• On certain vehicles, hitch racks reduce clearance and the departure angle of your car (the clearance you need at the back of your car to avoid banging or scraping your tail). 
  • They extend the length of your car, putting your bikes more in the way of traffic and making some parking situations more difficult.
  • Some hitch racks can make it difficult to access the tailgate, hatchback, or trunk, so find a model that either swings away to the side or drops down away from your car if that’s a priority for you. 

Trunk Racks

Rather than mounting to your hitch, trunk racks strap to your hatchback or trunk. They’re almost always hanging-style racks and work best on cars without either a hitch receiver or a roof rack. 

Pros

  • Trunk racks are almost always the cheapest option, even for multi-bike racks. 
  • Similar to hitch racks, they make it easy to take bikes on and off and limit exposure to road spray. 

Cons

  • Trunk racks aren’t the easiest to install, as they often feature a spider’s web of straps and hooks to attach to various places on your car. 
  • If you need to access the trunk of your car, you need to take the bikes off first.
  • They can be harder to lock up, since the rack itself doesn’t easily lock to the car.

Roof Racks

Roof racks—always tray-style racks—mount onto your roof’s crossbars. They can take all different forms: Some clamp onto the front tire, others clamp onto the frame, and some mount by removing the front tire and attaching the rack to the bike’s fork. 

Pros

  • Roof racks are relatively easy to install, though not as easy as hitch racks. 
  • Since they are always tray-style, roof racks won’t have any issues with non-traditional frame designs like full-suspension mountain bikes. 
  • While there are a lot of different roof rack styles, many are relatively affordable.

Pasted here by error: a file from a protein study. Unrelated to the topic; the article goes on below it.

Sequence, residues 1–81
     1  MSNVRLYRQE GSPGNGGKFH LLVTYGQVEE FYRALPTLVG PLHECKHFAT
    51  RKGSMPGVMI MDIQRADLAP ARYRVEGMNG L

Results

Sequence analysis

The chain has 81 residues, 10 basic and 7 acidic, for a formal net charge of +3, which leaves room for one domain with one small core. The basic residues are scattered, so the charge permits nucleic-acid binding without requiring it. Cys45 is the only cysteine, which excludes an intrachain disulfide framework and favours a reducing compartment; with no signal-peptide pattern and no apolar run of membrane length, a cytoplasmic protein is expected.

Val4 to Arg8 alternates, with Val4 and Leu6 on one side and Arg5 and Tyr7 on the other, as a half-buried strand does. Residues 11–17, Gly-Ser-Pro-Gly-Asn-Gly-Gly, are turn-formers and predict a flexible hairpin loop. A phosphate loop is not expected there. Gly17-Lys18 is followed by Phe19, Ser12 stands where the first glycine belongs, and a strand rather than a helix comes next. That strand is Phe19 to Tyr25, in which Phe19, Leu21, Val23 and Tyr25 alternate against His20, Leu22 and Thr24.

• Roof racks don’t interfere with getting into the rear of the car.  

Cons

  • Roof racks place your bikes well above your roofline, which means you can’t park in most garages and need to be careful of overhead hazards. 
  • Having your bikes overhead increases wind resistance and can lower your gas mileage. This also puts them in the line of road spray. 
  • Shorter riders or anyone with a tall car will have a harder time lifting their bikes up onto the rack and strapping them down. 
  • If you choose a fork-mounted (tray-style) roof rack, keep in mind that you’ll need to remove your front tire to carry the bike, though these are some of the most secure racks. 

Trucks

Cyclists with pickup trucks have a couple additional options for carrying their bikes.

There are a handful of racks that mount inside the bed of a truck, using either a fork mount or front wheel lock to keep them secure, similar to what you might find on a roof rack or hitch rack. These may not be the best option if you have a cap on your truck.

You can simply hang the front wheel of your bike over the truck’s tailgate (works great for mountain bikes). In this case, all you need is a tailgate pad for protection, making this an affordable option. It’s also easy to carry numerous bikes this way. But you’ll need to get creative to find a way to lock them up, if you leave them anywhere.

SUVs

Finally, for vehicles like SUVs with a spare tire mounted on the vehicle’s rear, some manufacturers make racks that share mounting bolts with the spare tire, rather than using straps or a hitch receiver.

All articles are for general informational purposes.  Each individual’s needs, preferences, goals and abilities may vary.  Be sure to obtain all appropriate training, expert supervision and/or medical advice before engaging in strenuous or potentially hazardous activity.